As we arrived in the city early in the evening, we decided to have another look at the cathedral in the night light before going to the restaurant  and what an experience that was!  The Cathedral’s illumination is just a sight to behold and it gave us the feeling of being in another world.  We felt a bit naughty walking around the cloister and felt like playing hide and seek in all those nooks and corners, with their eerie archways and vaults.  It was just like going back in time, all the more special as we were the only ones there!    We also heard the choir practising and stuck our ears to the locked door to enjoy this beautiful music that could have come directly from Heaven.  I could have spent all night exploring this magnificent monument.  I wonder what secrets it holds!

Evening illuminations

Perfect place to place hide and seek in the cloisters

Intrisicate arch work in the cloisters

 

 

 

 

 

 

 

 

 

 

 

 

Well, the meal at the Azouma Moroccan restaurant was absolute superb, with a shared starter of assorted samples from the menu, followed by lamb kebabs and tajine . I highly recommend it if you are ever in Canterbury.

Fab meal at Azouma Moroccan restaurant

Canterbury Club Site, 1st & 2nd January 2011

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Canterbury Cathedral

Happy New Year and second decade of the 21st century!  We’ve decided to have a little break after Christmas to help with the anti-climax which is this period after Yuletide season that gets me down every year.

I’ve been wanting to visit this city for a number of years and I’m glad we are finally here.

The Portico at Canterbury Cathedral

We left home at 9.55 am and got here at 12.30, so nice and easy drive, with little traffic on the roads after last night’s celebrations.

It’s a bit drizzly and cold out there, but niece and warm in the van.  We’ve just had lunch and Adon is trying to get wi-fi, but apparently it’s £5 an hour and no way are we paying for that!

We’re going to take Bramble for a walk and then a little sleep before cooking dinner.  Cathedral tomorrow!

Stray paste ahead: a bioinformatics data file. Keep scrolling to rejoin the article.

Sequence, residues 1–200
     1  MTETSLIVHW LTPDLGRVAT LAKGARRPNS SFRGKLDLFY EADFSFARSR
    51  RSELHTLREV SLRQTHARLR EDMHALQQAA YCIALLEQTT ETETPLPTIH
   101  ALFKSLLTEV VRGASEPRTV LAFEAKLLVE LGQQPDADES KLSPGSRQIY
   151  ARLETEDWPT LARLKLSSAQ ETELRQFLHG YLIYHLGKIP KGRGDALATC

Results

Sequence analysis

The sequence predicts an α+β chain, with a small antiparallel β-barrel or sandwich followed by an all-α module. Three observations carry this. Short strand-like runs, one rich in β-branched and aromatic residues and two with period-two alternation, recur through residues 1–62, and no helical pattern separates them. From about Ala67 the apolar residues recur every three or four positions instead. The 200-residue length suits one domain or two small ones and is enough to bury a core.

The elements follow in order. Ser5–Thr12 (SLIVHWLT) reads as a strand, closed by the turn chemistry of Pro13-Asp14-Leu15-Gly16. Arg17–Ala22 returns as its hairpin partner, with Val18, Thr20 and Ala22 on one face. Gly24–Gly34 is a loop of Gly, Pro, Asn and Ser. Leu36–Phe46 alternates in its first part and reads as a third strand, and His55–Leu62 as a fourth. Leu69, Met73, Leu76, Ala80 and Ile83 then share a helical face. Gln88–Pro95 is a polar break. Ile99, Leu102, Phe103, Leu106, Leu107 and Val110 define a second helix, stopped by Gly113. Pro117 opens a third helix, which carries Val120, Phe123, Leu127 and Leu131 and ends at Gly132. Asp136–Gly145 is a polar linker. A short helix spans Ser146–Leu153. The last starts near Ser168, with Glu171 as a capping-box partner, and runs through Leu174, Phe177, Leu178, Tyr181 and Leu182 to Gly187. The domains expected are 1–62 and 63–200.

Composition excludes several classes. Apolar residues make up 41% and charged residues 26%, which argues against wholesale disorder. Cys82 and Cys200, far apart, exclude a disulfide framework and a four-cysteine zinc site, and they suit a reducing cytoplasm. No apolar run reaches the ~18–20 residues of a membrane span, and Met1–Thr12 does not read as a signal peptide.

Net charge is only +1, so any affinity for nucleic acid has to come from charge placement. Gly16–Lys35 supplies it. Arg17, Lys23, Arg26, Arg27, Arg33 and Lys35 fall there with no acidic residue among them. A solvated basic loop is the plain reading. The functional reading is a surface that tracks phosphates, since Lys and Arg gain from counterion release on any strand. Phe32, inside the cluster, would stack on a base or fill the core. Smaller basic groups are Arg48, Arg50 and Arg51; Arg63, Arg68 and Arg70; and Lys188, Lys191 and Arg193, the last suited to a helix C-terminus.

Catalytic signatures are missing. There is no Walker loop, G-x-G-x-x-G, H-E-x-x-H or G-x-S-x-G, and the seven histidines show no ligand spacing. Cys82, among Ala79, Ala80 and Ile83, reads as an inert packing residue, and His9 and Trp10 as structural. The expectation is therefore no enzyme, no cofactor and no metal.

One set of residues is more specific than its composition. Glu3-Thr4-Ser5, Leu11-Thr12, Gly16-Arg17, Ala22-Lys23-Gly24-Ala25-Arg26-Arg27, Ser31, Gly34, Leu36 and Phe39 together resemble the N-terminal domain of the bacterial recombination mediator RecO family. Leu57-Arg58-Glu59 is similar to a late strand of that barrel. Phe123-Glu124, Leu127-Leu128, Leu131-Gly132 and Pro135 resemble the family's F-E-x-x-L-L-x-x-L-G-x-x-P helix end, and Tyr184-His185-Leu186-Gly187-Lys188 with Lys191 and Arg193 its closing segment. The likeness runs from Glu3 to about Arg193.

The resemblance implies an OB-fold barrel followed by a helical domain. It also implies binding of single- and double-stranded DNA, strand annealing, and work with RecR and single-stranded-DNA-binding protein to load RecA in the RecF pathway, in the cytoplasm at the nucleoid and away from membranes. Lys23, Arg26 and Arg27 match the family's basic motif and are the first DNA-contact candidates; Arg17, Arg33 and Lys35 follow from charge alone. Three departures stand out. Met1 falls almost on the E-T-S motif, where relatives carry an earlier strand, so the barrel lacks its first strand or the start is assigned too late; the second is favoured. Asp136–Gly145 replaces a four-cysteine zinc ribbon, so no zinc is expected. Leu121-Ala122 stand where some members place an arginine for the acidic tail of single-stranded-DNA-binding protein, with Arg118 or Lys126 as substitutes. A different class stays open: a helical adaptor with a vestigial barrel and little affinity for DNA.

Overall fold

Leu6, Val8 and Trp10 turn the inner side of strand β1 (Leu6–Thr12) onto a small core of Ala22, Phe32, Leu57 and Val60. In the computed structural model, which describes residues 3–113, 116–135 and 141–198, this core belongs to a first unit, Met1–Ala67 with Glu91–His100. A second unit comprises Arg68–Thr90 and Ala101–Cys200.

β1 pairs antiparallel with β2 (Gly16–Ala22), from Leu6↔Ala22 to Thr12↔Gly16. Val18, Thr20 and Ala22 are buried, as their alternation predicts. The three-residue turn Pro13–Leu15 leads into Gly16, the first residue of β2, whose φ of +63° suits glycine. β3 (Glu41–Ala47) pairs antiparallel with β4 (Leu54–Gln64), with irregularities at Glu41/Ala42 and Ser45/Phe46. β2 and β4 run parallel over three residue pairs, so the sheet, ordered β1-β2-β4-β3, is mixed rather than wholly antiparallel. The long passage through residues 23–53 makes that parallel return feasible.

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2ndJanuary 2011

Had a lovely day in Canterbury today.  We walked there and back, as it’s just under half an hour’s stroll.

The spot where Thomas Becket was murdered shown by a candle

As we got into the city, the church bells started ringing, followed by the Cathedral’s, so I couldn’t think of a more welcoming gesture.  We decided to stay for the Sung Echarist service at 11.00 am, which was most enjoyable and sung by an excellent choir.  I felt really privileged to be there, so close to it and to the Altar itself and the 75 minutes flew by.

After the service, we went on a tour of the Cathedral and saw, amongst other wonders, the tomb of the Black Prince, on whom, Adon tells me, ‘Black Adder’ was based, as well as the tomb of Henry IV and his wife, Joana of Navarra.

The Black Prince place of rest

The Black Prince

 

 

 

 

 

 

 

 

 

The Black Prince's Achievements

 

This was followed by a nice pint of ‘Wolf Coyote’ from Norfolk in the pub right opposite the Cathedral, which was exquisite.

 We then got some bread, salami, wine and a paper in M&S and walked back to campsite.  We had lunch and I walked Bramble around vineyard outside campsite, followed by a little siesta – first time in ages – and then coffee and shortbread.

Adon is cooking his Moroccan lamb tonight, so I’ll get on with my reading.

 

Stained glass window

 

 

Apparently the site has taken charge of wi-fi and they are now selling cards for £2 a day, so we’ll get one tomorrow.

The pulpit